This evening, I am posting information on one of Edinburgh’s top visitor attractions, namely the Palace of Holyroodhouse. This is conveniently located at foot of the Royal Mile and close to other attractions including the Scottish Parliament and Calton Hill.

Holyroodhouse is a working royal palace and official residence of the British monarch in Scotland.

The Palace originated as a guest house for visitors to the Abbey of Holyrood which was founded as an Augustinian abbey in 1128 by King David I of Scotland (1124-53).

James IV (1488-1513) instigated the conversion of the lodgings into a palace and suitable home for his bride, Margaret Tudor. Extensions and embellishments were undertaken during the reign of James V (1513-42). The palace is closely associated with events surrounding Mary, Queen of Scots short reign during the period 1542-67 including the murder of Mary’s secretary, David Rizzio.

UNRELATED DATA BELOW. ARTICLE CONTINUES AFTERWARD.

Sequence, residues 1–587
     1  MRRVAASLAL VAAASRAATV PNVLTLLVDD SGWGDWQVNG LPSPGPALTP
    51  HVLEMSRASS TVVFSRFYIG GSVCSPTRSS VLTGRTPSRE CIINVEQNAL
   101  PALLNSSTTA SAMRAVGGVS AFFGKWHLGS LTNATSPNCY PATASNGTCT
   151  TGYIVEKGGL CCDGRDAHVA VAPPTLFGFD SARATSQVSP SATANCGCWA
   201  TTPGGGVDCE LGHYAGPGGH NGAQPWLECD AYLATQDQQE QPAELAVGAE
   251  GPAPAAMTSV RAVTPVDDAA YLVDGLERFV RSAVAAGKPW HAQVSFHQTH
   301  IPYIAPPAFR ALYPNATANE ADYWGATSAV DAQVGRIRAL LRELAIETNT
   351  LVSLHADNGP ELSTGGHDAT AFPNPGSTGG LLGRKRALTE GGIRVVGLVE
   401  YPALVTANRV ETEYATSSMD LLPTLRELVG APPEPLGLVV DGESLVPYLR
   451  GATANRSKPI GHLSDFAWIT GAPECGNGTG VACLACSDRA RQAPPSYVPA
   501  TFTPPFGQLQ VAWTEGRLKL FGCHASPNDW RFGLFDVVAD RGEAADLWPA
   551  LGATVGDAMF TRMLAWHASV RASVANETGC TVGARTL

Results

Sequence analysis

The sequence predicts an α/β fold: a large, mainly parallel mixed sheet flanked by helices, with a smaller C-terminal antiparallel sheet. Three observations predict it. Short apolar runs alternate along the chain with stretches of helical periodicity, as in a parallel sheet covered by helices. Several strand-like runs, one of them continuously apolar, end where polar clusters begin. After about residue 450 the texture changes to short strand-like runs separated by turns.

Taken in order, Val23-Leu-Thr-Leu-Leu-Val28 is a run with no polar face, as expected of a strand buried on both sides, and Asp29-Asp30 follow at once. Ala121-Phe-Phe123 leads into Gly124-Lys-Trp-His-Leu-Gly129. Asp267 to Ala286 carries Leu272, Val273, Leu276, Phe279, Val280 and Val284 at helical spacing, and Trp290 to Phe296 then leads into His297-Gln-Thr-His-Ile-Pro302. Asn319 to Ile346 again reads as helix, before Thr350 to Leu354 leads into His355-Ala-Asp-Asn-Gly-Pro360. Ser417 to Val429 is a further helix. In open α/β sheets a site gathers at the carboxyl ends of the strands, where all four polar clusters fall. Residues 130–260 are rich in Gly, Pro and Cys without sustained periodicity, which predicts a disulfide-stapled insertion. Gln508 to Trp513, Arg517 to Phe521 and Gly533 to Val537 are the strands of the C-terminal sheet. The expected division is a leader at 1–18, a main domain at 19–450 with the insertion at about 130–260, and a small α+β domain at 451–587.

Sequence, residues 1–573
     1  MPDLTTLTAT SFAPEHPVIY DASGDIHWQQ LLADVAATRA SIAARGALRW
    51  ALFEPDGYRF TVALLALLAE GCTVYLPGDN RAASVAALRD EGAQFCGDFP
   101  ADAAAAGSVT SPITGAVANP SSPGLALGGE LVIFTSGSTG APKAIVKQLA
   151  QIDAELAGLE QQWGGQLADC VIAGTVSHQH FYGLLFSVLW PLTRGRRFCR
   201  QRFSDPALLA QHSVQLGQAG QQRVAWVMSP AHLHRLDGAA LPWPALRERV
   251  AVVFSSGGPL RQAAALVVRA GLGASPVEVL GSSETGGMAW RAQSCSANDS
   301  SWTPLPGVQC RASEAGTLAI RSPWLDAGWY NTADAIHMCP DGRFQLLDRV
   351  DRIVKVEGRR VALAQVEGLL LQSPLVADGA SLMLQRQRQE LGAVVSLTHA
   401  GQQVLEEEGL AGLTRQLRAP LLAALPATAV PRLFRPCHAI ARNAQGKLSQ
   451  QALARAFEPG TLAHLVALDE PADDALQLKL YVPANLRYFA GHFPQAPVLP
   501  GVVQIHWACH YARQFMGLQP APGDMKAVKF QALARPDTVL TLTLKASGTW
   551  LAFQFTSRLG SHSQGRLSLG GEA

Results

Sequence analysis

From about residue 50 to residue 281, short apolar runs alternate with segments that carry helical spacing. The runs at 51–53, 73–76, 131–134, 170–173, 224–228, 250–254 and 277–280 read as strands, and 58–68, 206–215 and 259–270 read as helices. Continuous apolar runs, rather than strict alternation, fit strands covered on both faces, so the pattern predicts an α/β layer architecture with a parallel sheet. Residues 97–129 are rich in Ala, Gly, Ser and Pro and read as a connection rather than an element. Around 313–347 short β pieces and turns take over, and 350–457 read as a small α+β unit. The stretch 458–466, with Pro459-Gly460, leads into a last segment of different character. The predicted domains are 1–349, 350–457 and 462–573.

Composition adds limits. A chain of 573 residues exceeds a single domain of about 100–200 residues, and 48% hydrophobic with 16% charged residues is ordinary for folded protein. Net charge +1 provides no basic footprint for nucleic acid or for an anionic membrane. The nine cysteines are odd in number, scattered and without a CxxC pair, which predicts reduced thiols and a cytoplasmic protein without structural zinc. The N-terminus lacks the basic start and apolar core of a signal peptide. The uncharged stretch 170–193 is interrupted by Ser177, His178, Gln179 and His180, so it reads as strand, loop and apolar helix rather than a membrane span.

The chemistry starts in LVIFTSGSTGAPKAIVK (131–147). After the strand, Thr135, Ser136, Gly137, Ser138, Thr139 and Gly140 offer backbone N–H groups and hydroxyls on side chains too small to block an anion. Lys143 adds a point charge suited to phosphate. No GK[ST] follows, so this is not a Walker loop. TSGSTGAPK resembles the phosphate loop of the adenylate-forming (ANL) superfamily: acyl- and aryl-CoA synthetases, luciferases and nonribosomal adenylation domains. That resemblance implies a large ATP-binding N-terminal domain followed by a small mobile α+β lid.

Mary’s son, James VI (1567-1625) took up residence and instigated further improvements. Anne of Denmark was crowned in the abbey in 1590. However, after James VI assumed the English crown and moved to London the palace diminished in importance. During the English civil war the palace was used as a barracks by Cromwell’s troops and suffered damage by fire. Restoration of the palace occurred under Charles II (1660-85) using the services of Scottish architect, Sir William Bruce and the result is, more or less, how we see it today. Subsequent royal visitors/residents include Prince Charles Edward Stuart, George IV, and Queen Victoria.

A tour of the palace will include:

  • James IV’s gatehouse fountain.
  • The Great Stair and Royal Dining Room
  • The King’s Apartments.
  • The Queen’s Apartments.
  • Mary, Queen of Scots’ Chambers
  • Remains of the Abbey Church
  • ‘Queen Mary’ sundial

Self-guided audio tours are the best way to tour the palace.

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